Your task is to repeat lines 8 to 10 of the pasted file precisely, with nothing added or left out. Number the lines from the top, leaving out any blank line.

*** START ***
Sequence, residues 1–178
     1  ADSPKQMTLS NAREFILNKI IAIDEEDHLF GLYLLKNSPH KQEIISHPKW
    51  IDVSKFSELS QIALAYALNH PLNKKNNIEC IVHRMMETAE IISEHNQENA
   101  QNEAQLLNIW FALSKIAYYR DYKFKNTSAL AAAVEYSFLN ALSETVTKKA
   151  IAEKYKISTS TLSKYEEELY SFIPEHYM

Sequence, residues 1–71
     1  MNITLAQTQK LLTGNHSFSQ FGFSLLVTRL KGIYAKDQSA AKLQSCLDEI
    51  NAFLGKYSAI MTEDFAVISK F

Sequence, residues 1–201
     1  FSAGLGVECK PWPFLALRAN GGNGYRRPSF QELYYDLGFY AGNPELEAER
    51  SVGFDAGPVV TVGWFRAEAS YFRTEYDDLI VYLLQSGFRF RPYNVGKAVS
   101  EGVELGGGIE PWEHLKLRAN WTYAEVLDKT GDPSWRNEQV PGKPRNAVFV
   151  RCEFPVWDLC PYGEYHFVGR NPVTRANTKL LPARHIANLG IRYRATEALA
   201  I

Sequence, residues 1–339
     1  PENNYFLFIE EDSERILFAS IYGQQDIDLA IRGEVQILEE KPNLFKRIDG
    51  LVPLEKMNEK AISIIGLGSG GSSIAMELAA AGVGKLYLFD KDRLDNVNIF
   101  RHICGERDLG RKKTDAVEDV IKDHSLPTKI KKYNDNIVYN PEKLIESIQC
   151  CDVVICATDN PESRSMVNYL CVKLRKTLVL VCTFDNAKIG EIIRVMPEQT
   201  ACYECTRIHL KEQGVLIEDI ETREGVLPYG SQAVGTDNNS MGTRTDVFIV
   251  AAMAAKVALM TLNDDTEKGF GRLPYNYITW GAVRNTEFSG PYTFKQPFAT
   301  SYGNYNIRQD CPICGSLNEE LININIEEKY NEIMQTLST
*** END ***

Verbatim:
    51  NAFLGKYSAI MTEDFAVISK F

Sequence, residues 1–201
     1  FSAGLGVECK PWPFLALRAN GGNGYRRPSF QELYYDLGFY AGNPELEAER